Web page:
Since the 1940s, it has been home to one of the world’s largest aircraft manufacturers. Now, the former Vought Aircraft plant on Jefferson Boulevard in West Dallas has become available—and is attracting interest from other big users from around the world.
At a whopping 4.7 million square feet situated on 315 acres—and expandable up to 6.5 million square feet—it’s the largest complex of its kind not only in Dallas-Fort Worth, but in the state of Texas, according to a top leasing team from Colliers International, which is marketing the property to new tenants.
Vought, which once employed 29,000 at the site, was acquired by Pennsylvania-based Triumph Group Inc. in 2010 for $1.4 billion. Since then, it has operated as Triumph Aerostructures-Vought Aircraft. In 2012, Triumph began construction of a new complex in Red Oak to house the division. The company is wrapping up a relocation to the new facilities, leaving the massive Jefferson Boulevard campus up for grabs.
The owner of the development, a partnership led by Dallas investor Stuart Jones and including Equity Resource Investments LLC and Abrams Capital, both of Boston, began seeking a real estate team to market the property late last fall. Beating four other contenders to win the plum was a Colliers team led by longtime industrial brokers Greg Cannon, Tom Pearson, and Chris Teesdale, and managing director David Pinsel.
“It’s a big assignment for Colliers, but it’s an even bigger opportunity for the city of Dallas, as the site has the ability to accommodate 25,000 or 30,000 workers,” Pinsel said. “It’s exciting to see who’s going to come in and take the space. The city, the state, Colliers, and our client are very much looking forward to attracting a strong user that will create higher-end manufacturing jobs.”
Colliers came up with a new name for the property—Dallas Global Industrial Center—and an in-house team developed a new logo and branding materials.
“We wanted Dallas in the name of the property, because we want to highlight that it’s within the city of Dallas, not in an outlying area,” Pinsel said. “We also wanted to convey that it’s designed to house operations of a global company. It speaks to what the property is and should be.”
The highly secure campus includes manufacturing, warehouse, maintenance, laboratory, and office buildings, all of which are either fully or substantially air-conditioned. There are two internal roads that bisect the property, making it naturally divisible to accommodate up to four big users, if needed. A large central cafeteria serves the entire campus. Dallas Global is also equipped with a 16,200-square-foot data center. (Scroll down for a site plan and map of the development.)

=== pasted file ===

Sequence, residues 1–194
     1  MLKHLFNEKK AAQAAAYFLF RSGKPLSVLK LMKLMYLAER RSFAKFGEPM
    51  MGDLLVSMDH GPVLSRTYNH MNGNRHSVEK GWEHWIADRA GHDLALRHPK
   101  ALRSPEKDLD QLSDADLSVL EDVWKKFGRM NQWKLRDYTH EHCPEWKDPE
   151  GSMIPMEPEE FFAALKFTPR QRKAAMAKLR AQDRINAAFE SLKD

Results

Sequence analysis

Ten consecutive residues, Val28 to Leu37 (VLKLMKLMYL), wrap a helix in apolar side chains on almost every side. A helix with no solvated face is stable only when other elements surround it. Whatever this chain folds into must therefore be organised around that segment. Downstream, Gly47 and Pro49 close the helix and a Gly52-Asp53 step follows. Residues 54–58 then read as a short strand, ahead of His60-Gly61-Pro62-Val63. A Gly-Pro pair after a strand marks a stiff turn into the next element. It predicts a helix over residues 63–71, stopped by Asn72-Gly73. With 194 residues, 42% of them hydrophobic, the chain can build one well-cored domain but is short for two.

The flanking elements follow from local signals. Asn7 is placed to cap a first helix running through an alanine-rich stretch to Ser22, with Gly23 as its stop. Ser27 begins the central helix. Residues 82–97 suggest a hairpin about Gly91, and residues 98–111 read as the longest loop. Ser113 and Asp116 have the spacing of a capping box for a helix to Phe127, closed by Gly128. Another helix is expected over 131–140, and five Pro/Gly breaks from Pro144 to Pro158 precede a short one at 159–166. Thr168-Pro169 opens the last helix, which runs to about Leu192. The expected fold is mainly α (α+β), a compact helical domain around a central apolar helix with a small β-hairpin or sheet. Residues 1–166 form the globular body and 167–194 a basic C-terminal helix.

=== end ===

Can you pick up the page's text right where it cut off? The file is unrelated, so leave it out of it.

“There are not many facilities like this that has this kind of infrastructure in place,” Teesdale said. “The city and the state have been very supportive of the project, as it has the ability to bring in so many jobs.”
Teesdale said one “very significant prospect” has already toured the property, and interest is starting to come in from around the country—and around the globe. Pinsel is about to embark on a tour of some of the firm’s international locations, including offices in Shanghai, Tokyo, Beijing, and Hong Kong. Aerospace, automobile, and other manufacturers are key targets.
After decades of sending manufacturing jobs to other countries, an on-shoring trend is under way, Pearson said. “There’s a movement to bring more jobs back to the United States,” he said. “We think our timing is good, not only for American manufacturers, but also Asian companies and European companies that want to establish a U.S. presence. This is especially true in a business-friendly state like Texas, which doesn’t have some of the regulations of its West Coast counterparts.”
Intellectual property issues are also compelling U.S. companies to build American, Pinsel said: “The stars are aligned to keep jobs here.”
Dallas Global is rail-served, with a Union Pacific main rail line on site. The potential exist to connect the UP line to BNSF, CNL, and KC Southern. The site has robust, dual-service power, designed to meet high demand loads. It’s also is adjacent to the 800-acre decommissioned Dallas naval air station base, with an 8,000-foot runway, owned by the City of Dallas.
This kind of infrastructure would be very difficult—and expensive—to try to replicate, Cannon said.
“It has the largest bank of power outside of Texas Instruments’ plant in Richardson, it’s rail-served, and accessible by four major arteries (Interstates 20, 30, 35, and Loop 12),” he said. “The ownership realizes the impact this property can have on DFW, and the city and state are enthusiastic. We’re getting great feedback already—it has opened a lot of eyes.”